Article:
They Just Keep Buying Dollars

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Daily FX Market Roundup 07.30.15

They Just Keep Buying Dollars

Euro Extends Losses on Data and Greek Developments

AUD Hits Fresh 6 Year Low

NZD Extends Losses of Softer Data and China

CAD Resumes Slide as Oil Declines

GBP: Holding Strong Ahead of Next Week’s Big Events

They Just Keep Buying Dollars

Investors continued to buy U.S. dollars even after weaker than expected growth, a drop in Treasury yields and an uptick in jobless claims. The greenback traded higher against all of the major currencies today with its strongest gains seen against the euro and New Zealand dollars. Not only did yesterday’s Fed meeting fail to deter investors from buying dollars but it also breathed new life into the greenback. The dollar rose to its strongest level in 7 weeks against the Japanese Yen and to its highest level in 6 years versus the Australian dollar. A September rate hike is on the table and investors are positioning for the move. While we are bullish dollars and believe that further gains are likely, there’s just under 2 months to the next monetary policy meeting and the dollar is overbought. Rather than chase the rally especially in USD/JPY we believe that we will have the opportunity to buy the currency pair on the 123 handle.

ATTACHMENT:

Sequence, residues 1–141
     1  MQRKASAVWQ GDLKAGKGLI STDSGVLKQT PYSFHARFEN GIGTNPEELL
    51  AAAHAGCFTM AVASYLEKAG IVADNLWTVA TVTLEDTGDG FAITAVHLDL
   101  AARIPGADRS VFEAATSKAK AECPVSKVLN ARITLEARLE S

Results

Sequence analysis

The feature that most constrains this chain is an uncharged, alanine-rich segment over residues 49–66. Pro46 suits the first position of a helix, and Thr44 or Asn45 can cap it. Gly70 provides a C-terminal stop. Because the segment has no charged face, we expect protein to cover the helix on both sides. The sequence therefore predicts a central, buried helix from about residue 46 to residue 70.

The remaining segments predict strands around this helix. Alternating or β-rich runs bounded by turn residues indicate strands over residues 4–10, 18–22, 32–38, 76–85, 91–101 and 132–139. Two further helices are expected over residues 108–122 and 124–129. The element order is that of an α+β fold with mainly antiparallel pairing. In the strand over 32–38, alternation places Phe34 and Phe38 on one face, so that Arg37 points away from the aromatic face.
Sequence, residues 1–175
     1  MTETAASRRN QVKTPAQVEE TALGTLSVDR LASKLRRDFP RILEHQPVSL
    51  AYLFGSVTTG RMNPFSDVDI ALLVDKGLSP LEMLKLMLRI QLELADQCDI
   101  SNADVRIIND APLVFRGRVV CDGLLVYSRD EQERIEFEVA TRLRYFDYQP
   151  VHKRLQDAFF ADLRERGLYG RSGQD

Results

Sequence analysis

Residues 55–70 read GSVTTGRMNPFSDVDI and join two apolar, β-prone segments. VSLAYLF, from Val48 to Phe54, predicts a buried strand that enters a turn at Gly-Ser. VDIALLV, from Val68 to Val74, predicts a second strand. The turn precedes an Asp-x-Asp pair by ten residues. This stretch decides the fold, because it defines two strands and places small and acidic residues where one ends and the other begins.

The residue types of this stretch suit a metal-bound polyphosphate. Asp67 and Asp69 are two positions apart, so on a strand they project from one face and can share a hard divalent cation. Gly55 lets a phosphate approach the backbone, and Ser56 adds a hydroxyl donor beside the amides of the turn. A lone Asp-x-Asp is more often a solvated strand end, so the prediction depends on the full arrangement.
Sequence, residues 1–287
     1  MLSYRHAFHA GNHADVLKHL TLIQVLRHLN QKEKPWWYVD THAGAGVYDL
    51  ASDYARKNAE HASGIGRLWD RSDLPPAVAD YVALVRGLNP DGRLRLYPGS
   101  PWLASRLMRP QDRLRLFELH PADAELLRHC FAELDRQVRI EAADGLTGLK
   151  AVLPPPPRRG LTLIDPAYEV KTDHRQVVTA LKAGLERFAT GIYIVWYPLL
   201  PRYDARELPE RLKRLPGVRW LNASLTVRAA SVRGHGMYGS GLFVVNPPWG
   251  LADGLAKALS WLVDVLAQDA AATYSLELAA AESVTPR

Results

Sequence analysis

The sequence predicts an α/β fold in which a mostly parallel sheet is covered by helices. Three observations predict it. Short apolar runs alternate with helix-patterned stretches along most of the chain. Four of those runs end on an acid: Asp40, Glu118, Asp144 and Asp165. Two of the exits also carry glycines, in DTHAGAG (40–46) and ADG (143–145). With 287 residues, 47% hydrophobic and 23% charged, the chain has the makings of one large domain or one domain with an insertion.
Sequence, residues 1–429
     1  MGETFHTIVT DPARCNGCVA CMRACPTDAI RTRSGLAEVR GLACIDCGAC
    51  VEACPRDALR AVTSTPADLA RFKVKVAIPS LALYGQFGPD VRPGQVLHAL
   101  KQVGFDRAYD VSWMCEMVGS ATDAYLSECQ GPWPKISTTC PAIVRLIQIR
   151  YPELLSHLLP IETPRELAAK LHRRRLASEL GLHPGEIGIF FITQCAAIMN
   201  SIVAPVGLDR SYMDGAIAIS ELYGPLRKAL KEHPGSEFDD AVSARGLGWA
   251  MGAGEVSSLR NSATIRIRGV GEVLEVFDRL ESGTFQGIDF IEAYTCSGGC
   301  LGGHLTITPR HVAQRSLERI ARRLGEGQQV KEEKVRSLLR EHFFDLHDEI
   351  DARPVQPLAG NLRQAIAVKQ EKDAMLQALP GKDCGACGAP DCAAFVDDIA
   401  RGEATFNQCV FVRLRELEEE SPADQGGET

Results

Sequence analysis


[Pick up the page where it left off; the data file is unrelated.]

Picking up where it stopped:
The U.S. economy rebounded strongly in the second quarter with growth accelerating to 2.3% from 0.6%. While this was softer than the market’s 2.5% forecast, when we include the 0.8% positive revision to the previous report, the U.S. economy is in a much better shape than many had anticipated. Personal consumption rose 2% between April and June while core PCE grew 1.8%. At the same time jobless claims rose to only 267k versus the market’s 270k forecast. So while some economists look at these numbers and say that they are weak or the economy is worse off than before because of the downward revisions in 2012 and 2013, we believe there’s enough here for the Fed to raise interest rates for the first time in 9 years. In the last monetary policy statement, the central bank described recent job gains a “solid” and their preference for seeing “some additional improvement” in the labor market can still be met with the next 2 NFP reports. Revisions to the July University of Michigan Consumer Sentiment survey and Chicago PMI index are scheduled for release on Friday – upticks are expected in both reports.